Brotherly Love..12 miles and counting

Lupus runner, Jessie, is aided by big brother Jeffrey Russell as she runs to complete the Boston Marathon.
Lupus runner, Jessie, is aided by big brother Jeffrey as she runs to complete the Boston Marathon // Photo Courtesy of Yahoo! WBZ4

I love a happy news stories! Don’t you? I get really saddened when I all I hear and see on the news is “bad” news. Today I stumbled upon a story that brought tears to my eyes.

Last year, I ran a race with my brother on Thanksgiving and I really struggled. It’s the only race I’ve almost quit and not finished. (I never quit anything!). But in the extreme cold  the last mile stretch my little brother runs up behind me (he had long ago finished) and yelled at me. Yes, he yelled. He knows nothing makes me move faster or quicker than people telling me I can’t do something. Through tears, incredible pain and embarrassment, I ran. He prodded me, ran circles around me and yelled me into the finish line. I have never loved him more.

This story brought that memory to mind :) So many people followed the “big” names at the Boston Marathon, but behind the greats, I believe, was one of the greatest stories of all. A brother who loved his sister so much he ran the last 12 miles of Boston with her to enable her to finish her dream of running the Boston Marathon. But Jessie isn’t your typical runner! She was diagnosed with Lupus her junior year of high school and being out in the sun is extremely difficult for her.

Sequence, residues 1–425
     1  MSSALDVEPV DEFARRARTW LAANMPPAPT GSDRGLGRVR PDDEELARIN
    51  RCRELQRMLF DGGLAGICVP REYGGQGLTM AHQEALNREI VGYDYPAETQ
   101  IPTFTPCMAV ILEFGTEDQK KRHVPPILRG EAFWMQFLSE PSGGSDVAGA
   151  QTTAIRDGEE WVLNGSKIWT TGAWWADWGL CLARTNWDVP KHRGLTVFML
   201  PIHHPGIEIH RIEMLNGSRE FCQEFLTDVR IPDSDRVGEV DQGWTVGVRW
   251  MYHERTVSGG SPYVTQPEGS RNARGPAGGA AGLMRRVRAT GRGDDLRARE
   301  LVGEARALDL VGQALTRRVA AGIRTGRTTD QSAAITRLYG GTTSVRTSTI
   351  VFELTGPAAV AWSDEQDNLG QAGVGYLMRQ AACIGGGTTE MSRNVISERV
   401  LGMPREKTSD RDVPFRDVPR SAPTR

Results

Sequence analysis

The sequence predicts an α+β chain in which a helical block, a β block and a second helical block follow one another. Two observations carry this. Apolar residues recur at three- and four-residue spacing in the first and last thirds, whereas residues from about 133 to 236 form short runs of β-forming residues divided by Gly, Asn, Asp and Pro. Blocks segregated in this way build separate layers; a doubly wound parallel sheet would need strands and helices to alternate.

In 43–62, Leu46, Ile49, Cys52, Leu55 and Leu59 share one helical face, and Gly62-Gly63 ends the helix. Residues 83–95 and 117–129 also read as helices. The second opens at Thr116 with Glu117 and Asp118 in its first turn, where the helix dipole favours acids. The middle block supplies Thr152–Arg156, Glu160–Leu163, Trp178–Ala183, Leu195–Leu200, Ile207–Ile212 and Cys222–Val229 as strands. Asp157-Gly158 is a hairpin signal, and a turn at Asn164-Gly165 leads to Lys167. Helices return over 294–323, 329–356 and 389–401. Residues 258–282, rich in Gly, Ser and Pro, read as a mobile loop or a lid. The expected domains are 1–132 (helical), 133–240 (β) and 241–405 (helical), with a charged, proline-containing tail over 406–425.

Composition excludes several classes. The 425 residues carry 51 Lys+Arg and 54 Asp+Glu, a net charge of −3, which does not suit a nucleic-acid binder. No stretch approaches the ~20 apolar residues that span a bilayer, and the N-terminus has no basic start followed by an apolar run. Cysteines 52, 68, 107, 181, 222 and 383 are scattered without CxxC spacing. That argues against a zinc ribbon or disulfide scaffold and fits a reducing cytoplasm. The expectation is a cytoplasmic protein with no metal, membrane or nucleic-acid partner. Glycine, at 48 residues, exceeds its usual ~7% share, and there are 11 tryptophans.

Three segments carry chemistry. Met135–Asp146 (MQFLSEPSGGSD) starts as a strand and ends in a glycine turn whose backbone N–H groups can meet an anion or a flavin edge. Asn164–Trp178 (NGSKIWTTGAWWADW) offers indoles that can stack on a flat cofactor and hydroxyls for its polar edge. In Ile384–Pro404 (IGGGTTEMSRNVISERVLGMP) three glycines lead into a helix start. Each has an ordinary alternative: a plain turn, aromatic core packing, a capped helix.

Her brother, Jeffrey, knew that the sun would be a challenge for her. At mile 14, Jessie thought she might have to stop. She was pushing to get to the medical tent when she noticed someone running at her. It was Jeffrey :) Big brother had been tailing her along the route shouting encouragement and taking photos. He told her if it was just the sun not to stop. He then ran into a local toy shop and bought an umbrella with sharks on it. In work boots and jeans, he ran/speed-walked next Jessie to holding the shark umbrella over her, sporting her running fanny pack and supplying her with water along the way. Step by step, Jeffrey and Jessie moved along the 12 miles until they crossed the finish line at 7:16pm :)